Looking Failure in the Face and Moving Forward

Down a hole Up a tree - Jeffery Thompson
“Down a Hole / Up a Tree” – scratch board by Jeffery Thompson – Click image to learn more

I spent several hours preparing for the session. I had all the printouts ready; I had everything set up. And there I sat in an empty room. Twenty minutes had gone by and it was apparent no one was coming. Big sigh.

Leading these weekly creative sessions is a brand new endeavor for me.  I’ve had to walk into it knowing that it’s possible that the experiment will fail, but being hopeful about learning through it and finding success. Several people came to the first session, but at the second session it was just me, myself, and I sitting in a room listening to the whir of heater air and the traffic outside the windows.

It’s not that other people don’t want this, or that it’s a bad idea, but there are probably some details to tweak with the model or how I’m communicating or the location or the time. I’m figuring all that out through the experience itself.

This is hard: taking risks and opening yourself up to the possibility of failure.

Some people downplay the word “failure” or say, “don’t think about failing and you won’t.” Failure, though, is necessary to acknowledge and to experience.  It has also opened up opportunities for me to learn, to test myself, and to evaluate my desires and interests.

What are you doing that risks the possibility of failure? What helps you look failure in the face and move forward with new hope?

For me, I’m going to try again, and take it as a learning experience no matter what will come; I’ll re-think and re-evaluate and take a more honest look at what I want.

(For more Scoutie Girl goodness on failure, read Brittni Mehlhoff’s article on The 5 Steps to Moving on from Failure.)

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The new sessions I’ve started are called Resurge Groups. See www.meetup.com/resurgegroups for more information. Maybe it generates a new idea for you!

11 thoughts on “Looking Failure in the Face and Moving Forward

  1. Amen! I could not agree more. Thanks for being so honest, it sure is a vulnerable feeling to fail especially in a creative area where you are putting your whole self out there! I did a little series on sewing failure on my blog http://ahappystitch.com/category/fail-friday/
    and I purposely used the word failure, even though it’s heavy. better to own it and learn from it than pretend it never happened! Love “failure is necessary to acknowledge and experience”.

    1. Melissa… thanks for your comment. So often I don’t pursue things because of my fear of failure… but lately I’m learning that failure IS necessary, small and big. I love your FAIL FRIDAYS on your blog. And really love this quote: never confuse a single defeat with a final defeat ~~f. scott fitzgerald / Thanks!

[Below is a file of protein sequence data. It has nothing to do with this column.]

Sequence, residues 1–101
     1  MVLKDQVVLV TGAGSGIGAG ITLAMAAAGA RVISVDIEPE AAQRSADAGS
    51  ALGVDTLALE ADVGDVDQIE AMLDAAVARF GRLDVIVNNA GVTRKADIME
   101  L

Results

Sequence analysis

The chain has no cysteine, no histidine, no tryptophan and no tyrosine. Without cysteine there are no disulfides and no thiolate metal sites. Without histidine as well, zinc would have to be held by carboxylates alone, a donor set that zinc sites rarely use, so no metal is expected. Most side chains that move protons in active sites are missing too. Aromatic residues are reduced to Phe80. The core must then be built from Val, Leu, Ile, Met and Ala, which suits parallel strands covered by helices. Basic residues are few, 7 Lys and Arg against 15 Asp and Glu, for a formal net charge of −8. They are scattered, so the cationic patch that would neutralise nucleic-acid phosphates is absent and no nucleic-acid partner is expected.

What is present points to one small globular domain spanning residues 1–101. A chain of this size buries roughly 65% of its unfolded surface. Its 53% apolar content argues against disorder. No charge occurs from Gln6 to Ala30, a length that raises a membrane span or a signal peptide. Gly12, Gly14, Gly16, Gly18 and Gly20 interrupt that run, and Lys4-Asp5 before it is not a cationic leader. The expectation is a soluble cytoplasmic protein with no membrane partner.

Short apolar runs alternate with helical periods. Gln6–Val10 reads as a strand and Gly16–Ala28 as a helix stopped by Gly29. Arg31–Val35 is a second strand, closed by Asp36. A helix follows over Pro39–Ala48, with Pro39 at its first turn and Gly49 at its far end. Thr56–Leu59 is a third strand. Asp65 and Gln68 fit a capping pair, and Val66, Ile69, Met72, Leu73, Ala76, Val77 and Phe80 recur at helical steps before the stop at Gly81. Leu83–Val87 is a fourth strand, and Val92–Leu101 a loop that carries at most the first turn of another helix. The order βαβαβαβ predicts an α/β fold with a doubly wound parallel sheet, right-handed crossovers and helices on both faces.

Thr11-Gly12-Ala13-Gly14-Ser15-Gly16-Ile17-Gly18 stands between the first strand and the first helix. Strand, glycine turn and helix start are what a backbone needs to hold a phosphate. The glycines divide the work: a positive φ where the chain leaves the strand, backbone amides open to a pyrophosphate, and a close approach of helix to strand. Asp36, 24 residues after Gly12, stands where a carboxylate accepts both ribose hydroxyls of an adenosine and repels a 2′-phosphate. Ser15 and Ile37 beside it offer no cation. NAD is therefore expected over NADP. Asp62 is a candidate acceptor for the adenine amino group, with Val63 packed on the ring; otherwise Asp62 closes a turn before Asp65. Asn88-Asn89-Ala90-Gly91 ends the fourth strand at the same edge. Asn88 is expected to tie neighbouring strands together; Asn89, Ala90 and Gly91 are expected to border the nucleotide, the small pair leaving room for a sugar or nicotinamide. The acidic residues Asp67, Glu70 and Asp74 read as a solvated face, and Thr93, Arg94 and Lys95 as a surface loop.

2. I’m in a sad sort of mood today — so reading this today allowed me to feel your vulnerability and the sitting there in that room, waiting for the people who never came. I know you didn’t tell this story for sympathy, but empathy wings from your words and from me back to you. That is one of our deepest “fears” — that we’ll throw a party and no one will come. And then what? We questions ourselves, we question other people and it has the potential to make us feel unworthy. I love your open honesty here and the sharing of how you look forward from this. And if I’m being honest with myself today — it’s that worry, that dread, that “what if” that has been holding me back. I’m the one who has put up the walls in not moving forward or “trying” so it’s up to me to dismantle that. Thank you Megan for sharing this.

    1. Thanks, Sherry. I can consume myself with the “what-ifs,” too. And they often keep me from doing things I might really enjoy or want to do. Moving forward in the midst of that is so hard! I hope you get a chance to dismantle your walls and move forward in a few things where you “what-if”ing.

  3. I wouldn’t call this a failure as much as it is a setback. A failure is when you give up on the idea entirely and walk away. You merely got a result from your experiment that you didn’t expect, so you will retool and try again. That’s what a scientist would do, right? Why can’t the same apply to creatives?

    1. Hi Dave. Thanks for your comments and thoughts. I thought about this actually. I initially wrote this post as “Looking Setbacks in the Face and Moving Forward.” However, then I revised, because I felt it necessary to embrace that a certain part of my project had failed, but that doesn’t mean I can’t move forward. Lately I feel I need to be ok with failure. Although I see merit to both perspectives, for me accepting failure means that I’m getting past it, learning from it, and moving on. For me, this experience wasn’t a setback; it was a small failure which I needed to come to terms with and accept the fear that came with it, and learn and change my perspective: then it became a “set-forward.” All in how you best think about it I guess.

    1. I appreciate this perspective, Cowgirl… It’s failure if you don’t try and live your passion. Sometimes it’s plain hard though! But so helpful to have encouragement to get past our fears. Thanks.

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